Transistor

Transistor is a solid semiconductor device (including diodes, triodes, field effect transistors, thyristors, etc., sometimes referred to as bipolar devices), which has multiple functions such as detection, rectification, amplification, switching, voltage stabilization, signal modulation, etc. . As a variable current switch, the transistor can control the output current based on the input voltage. Unlike ordinary mechanical switches (such as Relay and switch), transistors use electrical signals to control their own opening and closing, so the switching speed can be very fast, and the switching speed in the laboratory can reach more than 100GHz.

The main parameters of the transistor include current amplification factor, power dissipation, frequency characteristics, maximum collector current, maximum reverse voltage, reverse current and so on.
amplification factor



 
The DC current amplification factor is also called the static current amplification factor or the DC amplification factor. It refers to the ratio of the transistor collector current IC to the base current IB when the static signal is input, and it is generally expressed by hFE or β.
 
AC magnification
The AC amplification factor, that is, the AC current amplification factor and the dynamic current amplification factor, refers to the ratio of the change in the collector current of the transistor △IC to the change in the base current △IB in the AC state, generally expressed by hfe or β.
hFE or β are both different and closely related. The two parameter values ​​are relatively close at low frequencies, and there are some differences at high frequencies.
 
Dissipated power
Dissipated power is also called the maximum allowable collector dissipation power PCM, which refers to the maximum collector dissipation power when the change in transistor parameters does not exceed the specified allowable value.
The power dissipation is closely related to the maximum allowable junction temperature of the transistor and the maximum collector current. When the transistor is in use, its actual power consumption is not allowed to exceed the PCM value, otherwise the transistor will be damaged due to overload.
 
Generally, transistors with PCM less than 1W dissipated power are called low-power transistors, transistors with PCM equal to or greater than 1W and less than 5W are called medium-power transistors, and transistors with PCM equal to or greater than 5W are called high-power transistors.
 
When the characteristic frequency fT "transistor's operating frequency exceeds the cut-off frequency fβ or fα, its current amplification factor β value will decrease as the frequency increases. The characteristic frequency refers to the operating frequency of the transistor when the β value drops to 1.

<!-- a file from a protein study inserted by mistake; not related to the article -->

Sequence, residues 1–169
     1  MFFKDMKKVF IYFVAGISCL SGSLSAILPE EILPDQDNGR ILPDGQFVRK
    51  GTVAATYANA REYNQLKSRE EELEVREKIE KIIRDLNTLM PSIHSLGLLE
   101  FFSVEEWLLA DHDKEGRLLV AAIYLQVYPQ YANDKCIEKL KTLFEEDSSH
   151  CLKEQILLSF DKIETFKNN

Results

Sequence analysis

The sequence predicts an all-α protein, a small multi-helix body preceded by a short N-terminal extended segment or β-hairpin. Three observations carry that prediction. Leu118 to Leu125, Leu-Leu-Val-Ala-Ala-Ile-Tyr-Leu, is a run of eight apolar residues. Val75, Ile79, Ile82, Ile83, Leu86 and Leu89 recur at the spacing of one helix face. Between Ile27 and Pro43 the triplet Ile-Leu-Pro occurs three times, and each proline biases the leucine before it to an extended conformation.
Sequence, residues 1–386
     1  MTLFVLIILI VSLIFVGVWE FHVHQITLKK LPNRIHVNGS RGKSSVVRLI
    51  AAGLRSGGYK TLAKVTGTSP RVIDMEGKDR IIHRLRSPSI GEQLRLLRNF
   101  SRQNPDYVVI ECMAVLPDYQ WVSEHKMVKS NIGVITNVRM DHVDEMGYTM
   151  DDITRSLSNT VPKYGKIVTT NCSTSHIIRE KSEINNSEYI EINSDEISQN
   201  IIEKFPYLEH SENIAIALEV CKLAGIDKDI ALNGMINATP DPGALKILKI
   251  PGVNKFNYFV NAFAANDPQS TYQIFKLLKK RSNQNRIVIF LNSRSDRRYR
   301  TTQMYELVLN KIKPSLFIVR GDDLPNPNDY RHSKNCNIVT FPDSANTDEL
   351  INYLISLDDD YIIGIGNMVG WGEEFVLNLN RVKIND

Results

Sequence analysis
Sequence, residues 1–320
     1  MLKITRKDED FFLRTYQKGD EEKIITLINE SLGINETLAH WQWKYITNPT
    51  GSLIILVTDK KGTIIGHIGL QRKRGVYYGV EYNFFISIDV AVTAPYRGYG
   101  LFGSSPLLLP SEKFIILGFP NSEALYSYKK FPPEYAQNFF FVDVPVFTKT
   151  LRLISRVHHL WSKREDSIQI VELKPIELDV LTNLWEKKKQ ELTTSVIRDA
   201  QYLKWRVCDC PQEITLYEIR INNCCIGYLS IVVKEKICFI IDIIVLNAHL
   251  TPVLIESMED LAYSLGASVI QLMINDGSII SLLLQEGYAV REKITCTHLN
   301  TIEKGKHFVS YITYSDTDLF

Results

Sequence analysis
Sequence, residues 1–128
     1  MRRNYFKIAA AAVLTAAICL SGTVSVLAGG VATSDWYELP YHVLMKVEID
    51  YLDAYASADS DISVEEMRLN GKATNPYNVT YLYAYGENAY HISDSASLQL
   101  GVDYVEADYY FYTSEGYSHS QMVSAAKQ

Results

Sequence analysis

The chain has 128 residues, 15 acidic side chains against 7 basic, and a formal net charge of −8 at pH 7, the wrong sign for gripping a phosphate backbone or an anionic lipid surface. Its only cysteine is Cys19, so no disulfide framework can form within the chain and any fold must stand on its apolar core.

Generally, transistors with characteristic frequency fT less than or equal to 3MHZ are called low frequency tubes, transistors with fT greater than or equal to 30MHZ are called high frequency tubes, and transistors with fT greater than 3MHZ and less than 30MHZ are called intermediate frequency tubes.
Maximum frequency fM
 
The highest oscillation frequency refers to the frequency at which the power gain of the transistor drops to 1.
Generally, the highest oscillation frequency of a high-frequency transistor is lower than the common base cutoff frequency fα, and the characteristic frequency fT is higher than the common base cutoff frequency fα and lower than the common collector cutoff frequency fβ.
 
Maximum current
The maximum collector current (ICM) refers to the maximum current allowed by the collector of the transistor. When the collector current IC of the transistor exceeds ICM, the β value and other parameters of the transistor will obviously change, which will affect its normal operation and even be damaged.
 
Maximum reverse voltage
The maximum reverse voltage refers to the highest operating voltage allowed to be applied when the transistor is working. It includes collector-emitter reverse breakdown voltage, collector-base reverse breakdown voltage and emitter-base reverse breakdown voltage.
 
Collector-Collector reverse breakdown voltage
This voltage refers to the maximum allowable reverse voltage between the collector and the emitter of the transistor when the base of the transistor is open. It is generally represented by VCEO or BVCEO.
Base-base reverse breakdown voltage
 
This voltage refers to the maximum allowable reverse voltage between the collector and the base of the transistor when the emitter of the transistor is open. It is represented by VCBO or BVCBO.
Emitter-emitter reverse breakdown voltage
 
This voltage refers to the maximum allowable reverse voltage between the emitter and the base of the transistor when the collector of the transistor is open, and it is represented by VEBO or BVEBO.
Collector-base reverse current ICBO
 
ICBO is also called the collector junction reverse leakage current, which refers to the reverse current between the collector and the base when the emitter of the transistor is open. ICBO is more sensitive to temperature. The smaller the value, the better the temperature characteristics of the transistor.
 
Collector-emitter reverse breakdown current ICEO  ICEO refers to the reverse leakage current between the collector and emitter of a transistor when the base of a transistor is open, also known as penetration current. The smaller the current value, the better the performance of the transistor.

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